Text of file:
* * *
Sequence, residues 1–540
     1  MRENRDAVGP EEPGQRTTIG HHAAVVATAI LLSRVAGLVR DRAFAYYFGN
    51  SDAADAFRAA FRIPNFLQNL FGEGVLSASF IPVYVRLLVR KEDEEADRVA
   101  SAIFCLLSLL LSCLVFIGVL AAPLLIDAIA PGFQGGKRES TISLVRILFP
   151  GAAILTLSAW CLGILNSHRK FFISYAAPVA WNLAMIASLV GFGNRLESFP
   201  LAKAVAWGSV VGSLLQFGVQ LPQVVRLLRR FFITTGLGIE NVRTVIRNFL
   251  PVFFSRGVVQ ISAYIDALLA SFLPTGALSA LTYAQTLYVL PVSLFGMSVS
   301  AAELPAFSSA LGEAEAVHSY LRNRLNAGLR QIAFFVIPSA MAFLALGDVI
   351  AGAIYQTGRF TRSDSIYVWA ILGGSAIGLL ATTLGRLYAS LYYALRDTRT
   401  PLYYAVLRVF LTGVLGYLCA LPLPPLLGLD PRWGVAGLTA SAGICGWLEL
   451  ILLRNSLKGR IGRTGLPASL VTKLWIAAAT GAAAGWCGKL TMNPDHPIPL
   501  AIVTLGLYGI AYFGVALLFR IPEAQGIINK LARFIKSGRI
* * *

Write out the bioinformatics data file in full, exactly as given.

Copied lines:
Sequence, residues 1–540
     1  MRENRDAVGP EEPGQRTTIG HHAAVVATAI LLSRVAGLVR DRAFAYYFGN
    51  SDAADAFRAA FRIPNFLQNL FGEGVLSASF IPVYVRLLVR KEDEEADRVA
   101  SAIFCLLSLL LSCLVFIGVL AAPLLIDAIA PGFQGGKRES TISLVRILFP
   151  GAAILTLSAW CLGILNSHRK FFISYAAPVA WNLAMIASLV GFGNRLESFP
   201  LAKAVAWGSV VGSLLQFGVQ LPQVVRLLRR FFITTGLGIE NVRTVIRNFL
   251  PVFFSRGVVQ ISAYIDALLA SFLPTGALSA LTYAQTLYVL PVSLFGMSVS
   301  AAELPAFSSA LGEAEAVHSY LRNRLNAGLR QIAFFVIPSA MAFLALGDVI
   351  AGAIYQTGRF TRSDSIYVWA ILGGSAIGLL ATTLGRLYAS LYYALRDTRT
   401  PLYYAVLRVF LTGVLGYLCA LPLPPLLGLD PRWGVAGLTA SAGICGWLEL
   451  ILLRNSLKGR IGRTGLPASL VTKLWIAAAT GAAAGWCGKL TMNPDHPIPL
   501  AIVTLGLYGI AYFGVALLFR IPEAQGIINK LARFIKSGRI